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Robert Underwood Johnson, Clarence Clough Buell, Battles and Leaders of the Civil War: Volume 2., Stuart's ride around McClellan. (search)
ur retreat. We kept straight on, by Smith's storey through New Kent County to Tunstall's station, on the York River Railroad. I had been in charge of the ConfederatHouse long enough to cut the telegraph wire on that road; thence to proceed to Tunstall's station on the York River Railroad, at which place, the prisoners had informed the general, a company of Federal infantry was posted. At Tunstall's station I was directed to charge the infantry, disperse or capture them, cut the telegraph, a the White House. One man of the Federal party was sent back along the road to Tunstall's station, now only about half a mile off. I supposed, of course, that this messenger was sent to warn the Federal troops at Tunstall's of our approach. I was, however, afterward informed that he galloped through Tunstall's but never stopped, Tunstall's but never stopped, and when some one called to him, What's to pay? he dashed along, calling out, at the top of his voice, Hell's to pay! The road now being clear, we marched on bris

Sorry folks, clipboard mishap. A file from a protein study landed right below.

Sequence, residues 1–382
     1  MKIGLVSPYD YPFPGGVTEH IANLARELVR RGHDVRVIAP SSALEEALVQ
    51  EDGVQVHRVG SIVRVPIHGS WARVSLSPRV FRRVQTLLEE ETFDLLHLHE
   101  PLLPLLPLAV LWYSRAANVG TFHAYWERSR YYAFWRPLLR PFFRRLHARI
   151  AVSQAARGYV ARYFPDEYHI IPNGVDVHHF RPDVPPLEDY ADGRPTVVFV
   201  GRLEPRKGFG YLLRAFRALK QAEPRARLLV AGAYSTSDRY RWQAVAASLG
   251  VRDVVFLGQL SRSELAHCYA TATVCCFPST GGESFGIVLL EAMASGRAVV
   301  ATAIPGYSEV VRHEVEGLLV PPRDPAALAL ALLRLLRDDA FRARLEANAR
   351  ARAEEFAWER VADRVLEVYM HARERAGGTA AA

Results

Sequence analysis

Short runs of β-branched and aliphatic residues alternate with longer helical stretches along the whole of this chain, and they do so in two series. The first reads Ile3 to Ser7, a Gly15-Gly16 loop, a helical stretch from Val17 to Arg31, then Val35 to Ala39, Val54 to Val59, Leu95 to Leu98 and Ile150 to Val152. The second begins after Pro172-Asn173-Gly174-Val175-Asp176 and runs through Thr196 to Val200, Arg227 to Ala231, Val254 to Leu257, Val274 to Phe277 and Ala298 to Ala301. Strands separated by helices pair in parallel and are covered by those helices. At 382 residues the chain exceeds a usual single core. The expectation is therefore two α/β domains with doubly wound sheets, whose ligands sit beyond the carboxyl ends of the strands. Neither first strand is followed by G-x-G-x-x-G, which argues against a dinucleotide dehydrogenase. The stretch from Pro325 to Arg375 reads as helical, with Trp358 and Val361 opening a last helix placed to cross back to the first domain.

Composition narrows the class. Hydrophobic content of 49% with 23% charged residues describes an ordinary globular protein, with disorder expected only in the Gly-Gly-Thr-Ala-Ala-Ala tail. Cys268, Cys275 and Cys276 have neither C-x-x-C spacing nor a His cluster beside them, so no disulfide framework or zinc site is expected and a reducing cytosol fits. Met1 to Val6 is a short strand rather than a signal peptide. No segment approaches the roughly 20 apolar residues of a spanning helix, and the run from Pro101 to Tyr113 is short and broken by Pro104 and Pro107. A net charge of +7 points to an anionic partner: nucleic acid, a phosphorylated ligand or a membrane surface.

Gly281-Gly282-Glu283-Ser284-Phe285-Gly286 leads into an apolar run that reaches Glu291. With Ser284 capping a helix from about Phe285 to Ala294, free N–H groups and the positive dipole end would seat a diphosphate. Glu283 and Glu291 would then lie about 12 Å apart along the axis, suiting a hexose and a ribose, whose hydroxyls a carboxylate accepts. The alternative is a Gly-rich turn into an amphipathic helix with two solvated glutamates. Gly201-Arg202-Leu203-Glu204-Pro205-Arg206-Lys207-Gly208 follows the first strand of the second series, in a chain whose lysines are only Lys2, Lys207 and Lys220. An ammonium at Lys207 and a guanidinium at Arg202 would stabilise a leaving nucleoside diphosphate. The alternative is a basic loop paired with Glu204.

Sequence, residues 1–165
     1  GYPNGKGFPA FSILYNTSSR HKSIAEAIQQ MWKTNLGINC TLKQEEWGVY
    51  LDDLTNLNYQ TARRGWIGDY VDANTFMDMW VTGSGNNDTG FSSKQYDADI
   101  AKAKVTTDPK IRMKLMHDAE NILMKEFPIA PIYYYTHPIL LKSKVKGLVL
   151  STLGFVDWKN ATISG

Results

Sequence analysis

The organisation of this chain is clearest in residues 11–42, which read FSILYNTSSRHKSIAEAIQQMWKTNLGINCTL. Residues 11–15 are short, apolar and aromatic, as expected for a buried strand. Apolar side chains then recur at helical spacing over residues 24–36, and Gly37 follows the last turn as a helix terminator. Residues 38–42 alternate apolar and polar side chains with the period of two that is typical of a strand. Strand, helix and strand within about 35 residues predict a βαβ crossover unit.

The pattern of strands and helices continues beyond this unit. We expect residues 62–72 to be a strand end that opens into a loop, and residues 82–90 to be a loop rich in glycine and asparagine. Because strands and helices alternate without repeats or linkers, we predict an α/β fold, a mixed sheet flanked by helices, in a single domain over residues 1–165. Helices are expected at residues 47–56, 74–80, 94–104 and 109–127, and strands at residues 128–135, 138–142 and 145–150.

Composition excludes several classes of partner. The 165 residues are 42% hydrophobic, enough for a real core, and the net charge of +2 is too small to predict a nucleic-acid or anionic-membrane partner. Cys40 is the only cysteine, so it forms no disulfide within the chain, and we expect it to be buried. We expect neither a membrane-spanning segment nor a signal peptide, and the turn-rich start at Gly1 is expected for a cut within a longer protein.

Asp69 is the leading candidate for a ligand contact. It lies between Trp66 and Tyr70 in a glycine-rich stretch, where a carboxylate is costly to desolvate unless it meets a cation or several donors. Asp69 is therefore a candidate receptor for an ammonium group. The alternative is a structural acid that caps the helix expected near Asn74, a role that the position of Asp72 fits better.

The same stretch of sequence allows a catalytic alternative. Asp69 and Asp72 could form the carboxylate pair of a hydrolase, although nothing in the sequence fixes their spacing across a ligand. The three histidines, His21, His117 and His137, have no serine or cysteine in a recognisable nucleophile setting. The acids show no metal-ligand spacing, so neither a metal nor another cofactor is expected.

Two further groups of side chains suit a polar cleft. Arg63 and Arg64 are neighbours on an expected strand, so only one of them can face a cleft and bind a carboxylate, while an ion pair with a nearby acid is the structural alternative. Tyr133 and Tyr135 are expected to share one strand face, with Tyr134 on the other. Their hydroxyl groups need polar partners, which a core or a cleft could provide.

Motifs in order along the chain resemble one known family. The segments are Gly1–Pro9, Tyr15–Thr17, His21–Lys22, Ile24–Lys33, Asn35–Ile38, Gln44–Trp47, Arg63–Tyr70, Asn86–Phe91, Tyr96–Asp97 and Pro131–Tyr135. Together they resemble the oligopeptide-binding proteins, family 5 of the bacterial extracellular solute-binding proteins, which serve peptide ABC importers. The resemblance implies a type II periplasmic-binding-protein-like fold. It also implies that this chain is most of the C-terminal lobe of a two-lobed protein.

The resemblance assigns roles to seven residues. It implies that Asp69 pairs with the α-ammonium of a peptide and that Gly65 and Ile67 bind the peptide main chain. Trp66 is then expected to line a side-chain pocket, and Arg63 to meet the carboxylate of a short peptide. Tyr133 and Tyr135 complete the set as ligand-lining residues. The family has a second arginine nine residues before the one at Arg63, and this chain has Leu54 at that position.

Robert Underwood Johnson, Clarence Clough Buell, Battles and Leaders of the Civil War: Volume 2., Hanover Court House and Gaines's Mill. (search)
parately, but a safe estimate from their losses in the campaign would probably bring the total considerably beyond the Union loss, that of the killed and wounded certainly much higher. Almost the whole of two Union regiments, the 11th Pennsylvania Reserves and the 4th New Jersey, were captured.--Editors. My command was safely withdrawn to the south bank of the river, and the bridges were destroyed soon after sunrise on the 28th. The landing at White House and the railroad south from Tunstall's station were abandoned, the infantry and artillery embarking for Fort Monroe, and the cavalry marching to Yorktown.--Editors. The Prince de Joinville and his two nephews, the Comte de Paris and the Duc de Chartres, were on the field as volunteer aides-de-camp, actively engaged in encouraging the men, carrying messages, and performing other duties of aides. Each of these officers was in the midst of flying musket-balls, and was liable to be struck at any moment [see p. 184]. At one ti